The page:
Re: elided base character or obliterated character (was: Hebrew composition model, with cantillation marks)

From: Andrew C. West (
Date: Thu Nov 06 2003 - 08:38:40 EST

  • Next message: Peter Kirk: "Re: [hebrew] Re: Hebrew composition model, with cantillation marks"

    On Wed, 5 Nov 2003 12:24:00 +0100, "Philippe Verdy" wrote:
    > The obliterated character needed for paleolitic studies, or to encode any
    > texts in which the character is not recognizable already exists: isn't it

    The problem of how to represent missing/obliterated characters in Unicode when
    transcribing manuscript/printed texts and inscriptions, etc. has always
    perplexed me.

    U+FFFD [Replacement Character] is "used to replace an incoming character whose
    value is unknown or unrepresentable in Unicode", and is definitely not the
    correct character to use to represent a missing or obliterated character in a
    non-electronic source text.

    For Chinese the standard glyph for a missing/obliterated/unclear ideograph is a
    full-width hollow square (i.e. the same size as a CJK ideograph). This glyph is
    very common in modern printed Chinese texts, from scholarly editions of ancient
    texts unearthed from 2,000 year old tombs to popular typeset reprints of 19th
    century novels. Several examples of the usage of this glyph in modern printed
    texts from the PRC can be found at

    The problem is how to represent this glyph in electronic texts. Browsing the
    internet there seem to be two, both unsatisfactory, ways of representing this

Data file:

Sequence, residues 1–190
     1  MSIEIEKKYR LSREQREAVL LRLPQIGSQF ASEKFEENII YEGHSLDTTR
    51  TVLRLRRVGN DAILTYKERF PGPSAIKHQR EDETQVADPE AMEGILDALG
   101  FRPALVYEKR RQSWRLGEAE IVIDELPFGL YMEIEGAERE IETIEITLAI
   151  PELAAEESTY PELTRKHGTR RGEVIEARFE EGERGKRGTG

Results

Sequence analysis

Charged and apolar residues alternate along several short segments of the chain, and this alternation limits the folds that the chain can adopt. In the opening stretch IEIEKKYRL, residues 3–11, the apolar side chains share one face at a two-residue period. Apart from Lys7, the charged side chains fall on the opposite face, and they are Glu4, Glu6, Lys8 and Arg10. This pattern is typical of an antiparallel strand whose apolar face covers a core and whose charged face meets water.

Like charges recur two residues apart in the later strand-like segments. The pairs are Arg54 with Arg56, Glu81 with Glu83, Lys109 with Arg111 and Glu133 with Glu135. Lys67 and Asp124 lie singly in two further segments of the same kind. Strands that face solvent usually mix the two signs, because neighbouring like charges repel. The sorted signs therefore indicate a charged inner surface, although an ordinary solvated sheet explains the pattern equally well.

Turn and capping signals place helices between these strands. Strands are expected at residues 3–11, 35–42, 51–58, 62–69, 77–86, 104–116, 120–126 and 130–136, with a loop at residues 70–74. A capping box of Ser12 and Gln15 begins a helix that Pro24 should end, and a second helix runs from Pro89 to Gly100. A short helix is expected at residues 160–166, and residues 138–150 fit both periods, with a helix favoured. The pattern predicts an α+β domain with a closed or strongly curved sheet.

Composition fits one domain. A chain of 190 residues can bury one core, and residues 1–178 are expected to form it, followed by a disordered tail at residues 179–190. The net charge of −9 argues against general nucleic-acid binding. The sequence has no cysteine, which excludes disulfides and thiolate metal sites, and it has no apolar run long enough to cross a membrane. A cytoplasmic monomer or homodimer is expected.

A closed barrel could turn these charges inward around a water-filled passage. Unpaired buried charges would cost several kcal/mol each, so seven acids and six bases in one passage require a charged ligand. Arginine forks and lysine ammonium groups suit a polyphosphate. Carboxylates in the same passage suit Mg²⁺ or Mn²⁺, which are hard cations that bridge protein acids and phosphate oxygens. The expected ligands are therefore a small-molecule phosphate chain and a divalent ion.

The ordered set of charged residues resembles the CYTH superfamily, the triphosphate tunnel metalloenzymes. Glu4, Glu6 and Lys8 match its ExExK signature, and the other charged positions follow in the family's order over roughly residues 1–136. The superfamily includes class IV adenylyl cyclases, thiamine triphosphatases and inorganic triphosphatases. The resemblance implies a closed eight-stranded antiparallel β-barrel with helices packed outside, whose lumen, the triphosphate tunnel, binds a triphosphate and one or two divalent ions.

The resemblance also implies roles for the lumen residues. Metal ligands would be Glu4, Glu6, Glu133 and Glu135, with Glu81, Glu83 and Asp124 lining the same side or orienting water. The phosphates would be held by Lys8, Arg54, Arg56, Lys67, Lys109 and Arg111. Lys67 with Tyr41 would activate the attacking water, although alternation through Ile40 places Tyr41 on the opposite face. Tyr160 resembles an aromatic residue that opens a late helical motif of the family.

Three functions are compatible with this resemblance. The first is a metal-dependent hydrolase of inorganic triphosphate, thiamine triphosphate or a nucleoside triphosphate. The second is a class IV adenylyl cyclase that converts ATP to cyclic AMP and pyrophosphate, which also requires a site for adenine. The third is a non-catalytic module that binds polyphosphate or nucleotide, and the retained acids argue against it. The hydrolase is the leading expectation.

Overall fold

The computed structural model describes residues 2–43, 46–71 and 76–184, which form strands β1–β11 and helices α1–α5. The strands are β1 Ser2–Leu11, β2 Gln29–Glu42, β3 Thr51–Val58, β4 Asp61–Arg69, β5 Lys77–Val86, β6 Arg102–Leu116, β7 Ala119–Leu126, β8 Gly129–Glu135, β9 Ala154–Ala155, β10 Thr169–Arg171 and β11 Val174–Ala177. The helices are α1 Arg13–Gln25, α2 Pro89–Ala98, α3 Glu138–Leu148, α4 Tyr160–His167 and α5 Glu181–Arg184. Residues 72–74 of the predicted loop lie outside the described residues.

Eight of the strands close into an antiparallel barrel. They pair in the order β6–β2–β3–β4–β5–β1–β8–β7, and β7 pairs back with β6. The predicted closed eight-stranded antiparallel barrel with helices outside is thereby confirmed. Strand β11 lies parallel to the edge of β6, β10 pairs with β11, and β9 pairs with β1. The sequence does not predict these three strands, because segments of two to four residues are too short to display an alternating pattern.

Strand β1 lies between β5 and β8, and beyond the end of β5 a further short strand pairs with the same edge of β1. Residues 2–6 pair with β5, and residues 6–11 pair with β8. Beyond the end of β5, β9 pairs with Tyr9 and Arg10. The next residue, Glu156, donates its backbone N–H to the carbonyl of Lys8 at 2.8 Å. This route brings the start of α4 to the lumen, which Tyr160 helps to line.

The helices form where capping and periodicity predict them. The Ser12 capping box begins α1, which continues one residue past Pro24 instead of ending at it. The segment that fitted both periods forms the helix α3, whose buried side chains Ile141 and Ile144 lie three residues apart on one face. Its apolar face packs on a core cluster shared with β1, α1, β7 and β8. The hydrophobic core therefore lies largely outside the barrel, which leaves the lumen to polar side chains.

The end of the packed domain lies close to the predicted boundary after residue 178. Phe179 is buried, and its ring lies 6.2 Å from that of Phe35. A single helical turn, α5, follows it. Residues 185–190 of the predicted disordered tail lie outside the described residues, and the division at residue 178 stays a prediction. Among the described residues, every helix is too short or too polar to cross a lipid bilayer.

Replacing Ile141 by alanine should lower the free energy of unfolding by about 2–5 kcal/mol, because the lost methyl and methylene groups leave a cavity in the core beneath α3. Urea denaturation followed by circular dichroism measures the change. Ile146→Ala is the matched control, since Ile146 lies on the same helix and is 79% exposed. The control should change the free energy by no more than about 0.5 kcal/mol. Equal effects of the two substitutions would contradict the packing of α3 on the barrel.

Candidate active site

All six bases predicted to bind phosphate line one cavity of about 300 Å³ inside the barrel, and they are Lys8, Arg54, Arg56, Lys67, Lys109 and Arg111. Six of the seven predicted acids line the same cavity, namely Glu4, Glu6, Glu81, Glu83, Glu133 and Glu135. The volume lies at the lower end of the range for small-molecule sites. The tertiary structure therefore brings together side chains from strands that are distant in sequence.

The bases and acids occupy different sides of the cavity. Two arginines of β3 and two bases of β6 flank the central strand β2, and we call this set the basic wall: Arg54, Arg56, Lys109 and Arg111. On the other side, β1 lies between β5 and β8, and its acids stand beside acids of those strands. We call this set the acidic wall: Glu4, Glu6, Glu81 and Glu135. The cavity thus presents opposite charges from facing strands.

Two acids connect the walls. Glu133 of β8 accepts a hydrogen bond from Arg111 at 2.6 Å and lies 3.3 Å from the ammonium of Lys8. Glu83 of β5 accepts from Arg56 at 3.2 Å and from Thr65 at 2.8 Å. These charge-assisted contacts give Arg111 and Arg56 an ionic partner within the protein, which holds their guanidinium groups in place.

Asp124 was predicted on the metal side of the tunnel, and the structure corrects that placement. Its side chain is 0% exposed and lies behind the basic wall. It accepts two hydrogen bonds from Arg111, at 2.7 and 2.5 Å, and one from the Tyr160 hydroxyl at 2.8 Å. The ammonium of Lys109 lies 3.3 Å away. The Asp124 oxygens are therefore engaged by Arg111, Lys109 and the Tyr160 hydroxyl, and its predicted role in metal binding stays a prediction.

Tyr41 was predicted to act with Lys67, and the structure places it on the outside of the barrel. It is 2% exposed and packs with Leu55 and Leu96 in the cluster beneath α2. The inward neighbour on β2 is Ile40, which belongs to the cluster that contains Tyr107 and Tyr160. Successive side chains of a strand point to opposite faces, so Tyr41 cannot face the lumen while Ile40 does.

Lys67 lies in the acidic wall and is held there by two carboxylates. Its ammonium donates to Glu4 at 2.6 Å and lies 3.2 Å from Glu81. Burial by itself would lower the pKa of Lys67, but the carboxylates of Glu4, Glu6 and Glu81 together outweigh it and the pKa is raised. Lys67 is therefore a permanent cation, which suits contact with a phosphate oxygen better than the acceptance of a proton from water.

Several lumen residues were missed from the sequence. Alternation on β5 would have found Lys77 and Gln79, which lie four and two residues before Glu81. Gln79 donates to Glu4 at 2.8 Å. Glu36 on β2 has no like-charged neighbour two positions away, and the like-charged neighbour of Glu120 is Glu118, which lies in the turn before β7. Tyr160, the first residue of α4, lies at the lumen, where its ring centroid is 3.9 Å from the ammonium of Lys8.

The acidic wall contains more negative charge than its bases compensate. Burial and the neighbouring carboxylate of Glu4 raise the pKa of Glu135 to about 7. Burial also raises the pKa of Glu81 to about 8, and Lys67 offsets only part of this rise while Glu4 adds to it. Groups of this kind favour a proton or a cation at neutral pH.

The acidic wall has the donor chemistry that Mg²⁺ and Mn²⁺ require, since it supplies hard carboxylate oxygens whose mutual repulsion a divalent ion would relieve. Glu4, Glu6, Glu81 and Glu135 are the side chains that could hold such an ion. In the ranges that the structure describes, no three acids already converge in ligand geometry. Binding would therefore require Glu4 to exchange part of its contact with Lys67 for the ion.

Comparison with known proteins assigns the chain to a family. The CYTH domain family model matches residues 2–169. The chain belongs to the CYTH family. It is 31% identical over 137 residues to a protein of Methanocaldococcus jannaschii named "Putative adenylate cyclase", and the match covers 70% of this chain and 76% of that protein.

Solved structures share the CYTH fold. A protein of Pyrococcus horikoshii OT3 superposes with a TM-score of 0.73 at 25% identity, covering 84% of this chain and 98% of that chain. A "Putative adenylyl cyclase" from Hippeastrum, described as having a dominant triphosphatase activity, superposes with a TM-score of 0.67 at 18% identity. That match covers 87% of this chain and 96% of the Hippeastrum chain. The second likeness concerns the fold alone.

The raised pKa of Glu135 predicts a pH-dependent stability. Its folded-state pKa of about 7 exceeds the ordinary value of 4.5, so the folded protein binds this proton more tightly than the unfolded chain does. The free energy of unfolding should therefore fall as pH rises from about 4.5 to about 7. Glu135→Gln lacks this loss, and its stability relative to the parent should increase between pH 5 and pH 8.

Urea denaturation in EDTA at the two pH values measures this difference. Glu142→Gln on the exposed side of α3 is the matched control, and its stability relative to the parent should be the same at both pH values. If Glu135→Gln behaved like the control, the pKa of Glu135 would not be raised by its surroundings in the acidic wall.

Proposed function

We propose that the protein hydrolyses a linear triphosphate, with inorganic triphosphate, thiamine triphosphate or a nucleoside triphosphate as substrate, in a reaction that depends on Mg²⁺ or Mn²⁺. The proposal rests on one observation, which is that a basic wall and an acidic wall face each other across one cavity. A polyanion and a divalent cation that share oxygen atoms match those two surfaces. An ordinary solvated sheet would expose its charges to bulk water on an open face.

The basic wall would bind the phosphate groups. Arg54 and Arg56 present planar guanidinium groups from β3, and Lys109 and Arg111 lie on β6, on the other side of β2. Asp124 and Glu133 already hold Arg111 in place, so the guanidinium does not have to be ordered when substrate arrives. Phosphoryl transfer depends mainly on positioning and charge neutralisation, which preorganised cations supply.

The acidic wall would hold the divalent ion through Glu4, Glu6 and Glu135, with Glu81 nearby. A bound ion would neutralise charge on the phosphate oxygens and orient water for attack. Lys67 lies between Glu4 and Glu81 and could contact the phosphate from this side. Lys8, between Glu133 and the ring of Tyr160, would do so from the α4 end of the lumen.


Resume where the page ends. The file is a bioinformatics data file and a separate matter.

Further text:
"missing ideograph" glyph :

    1. Using U+25A1 [WHITE SQUARE] (although any of the other white square
    graphic symbols encoded in Unicode, such as U+25A2, U+25FB or U+25FD, could also
    be used I suppose). The problems with this character are :
    a) it has the wrong character properties for use within running CJK text.
    b) with CJK fonts such as SimSun U+25A1 is rendered the same height and width as
    a CJK ideograph, but with non-Chinese fonts such as Arial Unicode MS U+25A1 may
    be rendered much smaller than a CJK ideograph, which looks totally wrong.

    2. Using U+56D7 [a CJK ideograph, rarely used other than as a radical =
    U+2F1E], which has the right character properties, and renders at the correct
    size; but the glyph shape may not be completely square depending upon the font
    style, and basically it is just the wrong character for the job.

    It would be extremely useful to have a dedicated Unicode character for "missing
    CJK ideograph" with the right character properties, and I have considered making
    a proposal for such a character, but have hesitated as if there really is such a
    great need for it (and I personally have web pages which transcribe texts with
    missing/obliterated ideographs where such a character is desperately needed)
    then why does it not already exist in Unicode or pre-existing Chinese encoding
    standards ?


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